"Haefele et al. (2011) produced biochar from rice husks and applied it to rice cropping systems in the Philippines and Thailand. At one site they measured CO2 emissions from the soil immediately after application and again two years later. At all sites they measured biochar carbon in the soil after application and two years later. Where Haefele et al. measured soil respiration they found no change between the two time points, and, more significantly given the limited sampling of CO2 emissions, found no change in the amount of biochar in the soil. The authors conclude that 'realistic residence times might be in the range of thousands of years….' ” 01-17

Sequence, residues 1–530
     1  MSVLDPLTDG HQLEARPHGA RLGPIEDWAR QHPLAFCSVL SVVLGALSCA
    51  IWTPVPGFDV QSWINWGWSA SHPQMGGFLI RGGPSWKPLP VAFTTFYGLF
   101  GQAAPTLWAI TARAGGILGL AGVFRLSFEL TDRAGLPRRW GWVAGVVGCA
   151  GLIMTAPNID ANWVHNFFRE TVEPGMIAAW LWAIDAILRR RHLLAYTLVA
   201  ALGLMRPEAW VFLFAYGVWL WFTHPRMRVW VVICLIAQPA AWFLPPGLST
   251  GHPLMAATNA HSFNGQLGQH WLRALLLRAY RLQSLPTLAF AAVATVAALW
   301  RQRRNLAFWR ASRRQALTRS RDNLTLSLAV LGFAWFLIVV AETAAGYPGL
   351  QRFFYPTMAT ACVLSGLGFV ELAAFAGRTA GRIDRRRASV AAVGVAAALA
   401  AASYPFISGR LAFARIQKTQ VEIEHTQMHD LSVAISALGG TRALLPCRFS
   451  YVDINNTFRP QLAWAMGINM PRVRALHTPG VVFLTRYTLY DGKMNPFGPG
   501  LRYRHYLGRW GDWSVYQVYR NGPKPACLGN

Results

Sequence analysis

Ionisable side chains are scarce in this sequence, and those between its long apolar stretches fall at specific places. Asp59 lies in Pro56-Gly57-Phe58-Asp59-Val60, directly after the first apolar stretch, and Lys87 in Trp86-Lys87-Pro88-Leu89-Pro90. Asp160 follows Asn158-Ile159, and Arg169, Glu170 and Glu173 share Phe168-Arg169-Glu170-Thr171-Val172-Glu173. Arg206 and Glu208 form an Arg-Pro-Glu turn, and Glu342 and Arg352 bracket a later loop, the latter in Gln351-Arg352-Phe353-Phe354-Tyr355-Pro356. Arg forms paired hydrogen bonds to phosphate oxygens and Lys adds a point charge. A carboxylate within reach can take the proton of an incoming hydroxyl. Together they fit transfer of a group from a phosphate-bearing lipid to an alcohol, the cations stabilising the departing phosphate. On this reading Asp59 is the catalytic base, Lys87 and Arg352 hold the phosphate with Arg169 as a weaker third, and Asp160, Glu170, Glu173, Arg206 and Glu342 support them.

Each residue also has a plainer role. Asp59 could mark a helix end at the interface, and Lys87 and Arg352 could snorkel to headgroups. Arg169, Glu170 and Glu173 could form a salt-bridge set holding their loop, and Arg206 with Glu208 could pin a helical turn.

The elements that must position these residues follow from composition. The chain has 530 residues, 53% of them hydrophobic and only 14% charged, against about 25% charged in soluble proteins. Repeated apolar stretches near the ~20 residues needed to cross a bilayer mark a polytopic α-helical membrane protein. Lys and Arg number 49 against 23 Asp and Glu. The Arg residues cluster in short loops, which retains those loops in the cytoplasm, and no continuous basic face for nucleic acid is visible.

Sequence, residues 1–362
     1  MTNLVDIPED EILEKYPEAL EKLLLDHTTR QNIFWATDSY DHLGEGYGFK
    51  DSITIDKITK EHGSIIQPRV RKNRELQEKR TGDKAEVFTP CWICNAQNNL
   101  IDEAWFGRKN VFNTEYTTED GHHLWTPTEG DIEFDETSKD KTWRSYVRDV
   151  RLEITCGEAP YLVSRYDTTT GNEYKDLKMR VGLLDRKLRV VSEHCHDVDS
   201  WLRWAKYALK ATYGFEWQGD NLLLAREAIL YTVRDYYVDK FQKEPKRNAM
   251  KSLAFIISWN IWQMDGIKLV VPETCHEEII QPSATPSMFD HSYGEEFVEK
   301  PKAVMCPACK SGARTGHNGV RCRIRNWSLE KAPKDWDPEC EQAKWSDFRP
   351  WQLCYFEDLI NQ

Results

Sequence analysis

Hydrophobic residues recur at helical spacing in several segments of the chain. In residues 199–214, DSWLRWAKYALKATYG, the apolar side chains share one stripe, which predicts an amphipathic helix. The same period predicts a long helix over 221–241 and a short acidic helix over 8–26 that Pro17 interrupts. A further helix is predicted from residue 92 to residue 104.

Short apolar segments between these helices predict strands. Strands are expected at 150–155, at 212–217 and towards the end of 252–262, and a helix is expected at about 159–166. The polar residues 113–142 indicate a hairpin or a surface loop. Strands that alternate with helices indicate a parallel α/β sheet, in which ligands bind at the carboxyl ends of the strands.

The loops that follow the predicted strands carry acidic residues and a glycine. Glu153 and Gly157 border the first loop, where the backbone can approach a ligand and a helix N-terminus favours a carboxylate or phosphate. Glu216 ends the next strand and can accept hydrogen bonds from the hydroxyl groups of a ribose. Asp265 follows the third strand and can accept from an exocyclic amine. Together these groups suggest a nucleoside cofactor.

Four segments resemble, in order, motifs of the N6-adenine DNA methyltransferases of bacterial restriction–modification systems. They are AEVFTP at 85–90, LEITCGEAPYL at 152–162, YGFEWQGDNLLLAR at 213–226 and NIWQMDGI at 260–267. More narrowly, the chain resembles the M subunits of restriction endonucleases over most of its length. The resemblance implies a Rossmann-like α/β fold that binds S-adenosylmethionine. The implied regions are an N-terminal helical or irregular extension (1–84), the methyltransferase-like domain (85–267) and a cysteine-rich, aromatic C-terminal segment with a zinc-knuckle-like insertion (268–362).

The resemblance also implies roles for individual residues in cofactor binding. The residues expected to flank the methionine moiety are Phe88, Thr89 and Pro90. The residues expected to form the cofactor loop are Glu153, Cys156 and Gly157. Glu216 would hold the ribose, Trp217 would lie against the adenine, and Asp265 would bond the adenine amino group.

12. South America - Travel Information by Location (
      Provides information on dining, where to stay, and interesting things to see. Search by city, state, or country. Includes Argentina, Bolivia, Brazil, Chile and Easter Island, Colombia, Ecuador and the Galapagos Islands, Falkland Islands, French Guiana, Guyana, Paraguay, Peru, Suriname, Uruguay, and Venezuela. 3-02

  13. Panama (Excite Travel)
      "The area of Darien Province between Yaviza and the Colombian border along the upper Tuira River is extremely unsafe due to the presence of smugglers, bandits and Colombian guerrillas and paramilitary forces." 10-05